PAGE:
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July 3, 2015

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Ordinance that could move Las Vegas pawnshops around put on hold until January

An ordinance allowing pawnshops to open along Las Vegas Boulevard between Sahara and Charleston avenues met resistance Tuesday morning from a Las Vegas City Council committee and was delayed for more than a month to allow staff time to tweak the bill.

The change, proposed by Mayor Carolyn Goodman, would allow jewelry stores, pawnshops and secondhand dealers to open in a part of the city where they are currently prohibited.

Goodman thinks the new ordinance will allow businesses to expand, filling vacant spaces along the corridor and hiring more employees.

“My sense is we have a blighted commercial sector,” Goodman said. “(Pawnshops) would become an attractive piece filling up empty space.”

Because the city only issues a fixed number of pawnshop licenses, the new ordinance would not increase the number of pawnshops in the city.

City Councilman Bob Coffin and Councilwoman Lois Tarkanian, who together led Wednesday’s recommending committee, expressed concerns about the bill and the potential it has to affect residents.

There was also an indication that the ordinance was prompted in part by a dispute involving an existing pawnshop located downtown that lies in the path of a major potential redevelopment project.

Ace Loan, 215 N. 3rd St., sits adjacent to the Lady Luck, which has been targeted for a $100 million facelift. It will be reborn as Downtown Grand and become an anchor for further development in the area.

Ace Loan’s owner, Howard Bock, would like to move the pawnshop to a building he already owns at 519 E. St. Louis Ave., but he is prohibited from doing so by city code, because the shop would sit too close to residential areas and another nearby pawnshop.

Goodman indicated she hopes that opening more spaces for pawnshops could entice Super Pawn, which is adjacent to the proposed site of Ace Loan, to move, thus resolving the issue.

Tarkanian said she had reservations about overturning pawnshop restrictions to solve a dispute elsewhere.

“I have a concern about changing a rule this strong," she said. "Just on the basis of an individual who’s having some difficulty."

Coffin said the ordinance is not quite ready and suggested setting it aside to allow for more discussion.

A new hearing was set for the bill on Jan. 31, where the recommending committee will decide whether to forward it along to the full city council for a vote.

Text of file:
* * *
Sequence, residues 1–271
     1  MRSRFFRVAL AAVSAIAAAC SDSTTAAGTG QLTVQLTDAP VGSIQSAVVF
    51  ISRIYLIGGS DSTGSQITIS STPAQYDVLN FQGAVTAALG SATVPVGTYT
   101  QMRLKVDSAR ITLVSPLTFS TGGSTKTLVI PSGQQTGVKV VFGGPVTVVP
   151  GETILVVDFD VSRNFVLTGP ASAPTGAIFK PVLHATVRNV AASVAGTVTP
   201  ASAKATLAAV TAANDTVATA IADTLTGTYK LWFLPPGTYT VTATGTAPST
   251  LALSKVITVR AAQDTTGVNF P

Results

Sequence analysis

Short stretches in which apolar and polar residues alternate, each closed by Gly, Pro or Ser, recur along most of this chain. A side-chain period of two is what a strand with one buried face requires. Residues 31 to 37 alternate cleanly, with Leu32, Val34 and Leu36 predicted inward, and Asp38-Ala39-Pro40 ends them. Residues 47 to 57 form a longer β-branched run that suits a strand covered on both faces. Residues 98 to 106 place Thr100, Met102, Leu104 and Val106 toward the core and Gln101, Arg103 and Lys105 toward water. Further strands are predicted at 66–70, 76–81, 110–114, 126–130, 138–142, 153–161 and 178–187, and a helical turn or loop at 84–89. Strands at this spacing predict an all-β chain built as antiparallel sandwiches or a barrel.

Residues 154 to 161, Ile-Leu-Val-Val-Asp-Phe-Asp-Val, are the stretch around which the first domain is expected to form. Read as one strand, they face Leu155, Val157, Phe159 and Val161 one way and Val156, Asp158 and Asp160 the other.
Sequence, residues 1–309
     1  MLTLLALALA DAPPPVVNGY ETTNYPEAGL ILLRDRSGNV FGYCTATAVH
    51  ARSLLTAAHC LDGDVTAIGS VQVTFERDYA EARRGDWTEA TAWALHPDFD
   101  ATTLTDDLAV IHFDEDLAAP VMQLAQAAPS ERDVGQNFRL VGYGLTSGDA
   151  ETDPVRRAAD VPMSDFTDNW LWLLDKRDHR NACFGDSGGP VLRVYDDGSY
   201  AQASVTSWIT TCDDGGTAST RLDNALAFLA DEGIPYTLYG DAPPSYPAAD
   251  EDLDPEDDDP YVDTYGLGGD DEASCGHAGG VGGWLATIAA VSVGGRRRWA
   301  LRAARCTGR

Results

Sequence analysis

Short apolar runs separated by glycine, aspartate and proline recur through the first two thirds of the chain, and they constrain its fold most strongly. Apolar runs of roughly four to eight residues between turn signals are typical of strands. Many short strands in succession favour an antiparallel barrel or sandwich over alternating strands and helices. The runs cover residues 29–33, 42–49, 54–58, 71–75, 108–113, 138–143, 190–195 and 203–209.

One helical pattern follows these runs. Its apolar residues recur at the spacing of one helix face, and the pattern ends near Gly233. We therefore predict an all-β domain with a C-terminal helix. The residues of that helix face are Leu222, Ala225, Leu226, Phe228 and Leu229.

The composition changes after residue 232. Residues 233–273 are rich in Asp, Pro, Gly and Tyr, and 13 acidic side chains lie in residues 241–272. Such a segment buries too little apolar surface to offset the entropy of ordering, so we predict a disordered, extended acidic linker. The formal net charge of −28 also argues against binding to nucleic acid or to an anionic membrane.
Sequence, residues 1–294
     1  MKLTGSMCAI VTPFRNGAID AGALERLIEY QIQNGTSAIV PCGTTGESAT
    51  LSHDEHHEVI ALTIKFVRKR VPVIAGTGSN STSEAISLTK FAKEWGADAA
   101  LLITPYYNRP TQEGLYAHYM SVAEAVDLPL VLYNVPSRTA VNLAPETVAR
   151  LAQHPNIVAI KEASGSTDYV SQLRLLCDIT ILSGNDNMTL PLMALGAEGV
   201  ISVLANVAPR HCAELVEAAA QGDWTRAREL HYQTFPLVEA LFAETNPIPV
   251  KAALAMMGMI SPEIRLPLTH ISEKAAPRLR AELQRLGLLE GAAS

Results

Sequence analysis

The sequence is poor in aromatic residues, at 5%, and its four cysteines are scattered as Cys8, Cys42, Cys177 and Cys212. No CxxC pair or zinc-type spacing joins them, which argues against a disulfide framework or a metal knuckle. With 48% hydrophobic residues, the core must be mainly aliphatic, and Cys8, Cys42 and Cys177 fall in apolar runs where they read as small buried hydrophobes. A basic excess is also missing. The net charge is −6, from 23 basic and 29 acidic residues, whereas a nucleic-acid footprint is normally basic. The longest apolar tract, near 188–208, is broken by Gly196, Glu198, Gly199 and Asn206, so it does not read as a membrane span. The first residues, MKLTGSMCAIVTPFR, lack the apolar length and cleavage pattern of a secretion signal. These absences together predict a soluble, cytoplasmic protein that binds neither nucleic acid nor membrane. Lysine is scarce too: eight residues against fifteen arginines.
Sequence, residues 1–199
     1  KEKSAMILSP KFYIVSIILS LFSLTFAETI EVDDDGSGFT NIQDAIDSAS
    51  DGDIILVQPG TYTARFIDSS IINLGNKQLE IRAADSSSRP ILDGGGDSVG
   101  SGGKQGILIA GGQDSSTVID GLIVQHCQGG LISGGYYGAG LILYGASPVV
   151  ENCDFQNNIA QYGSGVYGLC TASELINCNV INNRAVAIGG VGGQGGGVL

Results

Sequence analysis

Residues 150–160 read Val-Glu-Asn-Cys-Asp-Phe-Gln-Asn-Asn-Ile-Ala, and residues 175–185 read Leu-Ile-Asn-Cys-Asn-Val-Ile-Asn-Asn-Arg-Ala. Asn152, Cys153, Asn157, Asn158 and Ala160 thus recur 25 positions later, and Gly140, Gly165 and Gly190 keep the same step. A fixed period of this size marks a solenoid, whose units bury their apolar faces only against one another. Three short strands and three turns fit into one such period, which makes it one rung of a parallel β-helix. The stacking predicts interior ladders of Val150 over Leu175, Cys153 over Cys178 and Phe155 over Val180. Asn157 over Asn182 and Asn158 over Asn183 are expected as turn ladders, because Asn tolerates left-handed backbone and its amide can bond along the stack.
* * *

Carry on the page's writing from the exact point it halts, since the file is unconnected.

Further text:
One resident spoke out at Tuesday’s meeting, telling city leaders that he and his neighbors don’t want pawnshops in their neighborhood.

“I’m strongly opposed to overturning the ban. There are already plenty of pawnshops just north of Charleston,” resident Hart Fleischhauer said. “Who is this going to benefit?”

Goodman said she wouldn’t want a pawnshop in her neighborhood but said she thinks they fit in with the other businesses along the targeted stretch of Las Vegas Boulevard, which includes tattoo parlors, massage parlors and strip clubs.

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  1. Heck, pawn shops fit in fine on all of Las Vegas Blvd. It should not even be an issue. I fail to see why massage parlors and strip clubs are O.K. but pawn shops are not.

  2. I am not certain why pawn shops are restricted to a certain area. Do they do illegal activities? sell drugs? alcohol? prostitution?...I am not sure what I am missing here. With a show like Pawn Stars, I think that a pawn shop next to the MGM or the NYNY would be jam packed 24hrs a day, give them a liquor and gambling license and it would be a tourists dream.

  3. This is not the first time Mr.Bock has been compelled to relocate due to community redevelopment, and I tend to side with Mayor Goodman in her assessment that the proposed changes to the strict law would in this case "be a good fit and work". Both our government and its citizens must be equally flexible in order for things to work for the benefit of all.

    Pawn shops in Las Vegas tend to maintain their facilities, and keep a neighborhood looking clean and inviting. They are a specialized service and have little problems in our community.

    It may be time to revisit these ordinances and see if they are a "good fit" in our current times.

    Blessings and Peace,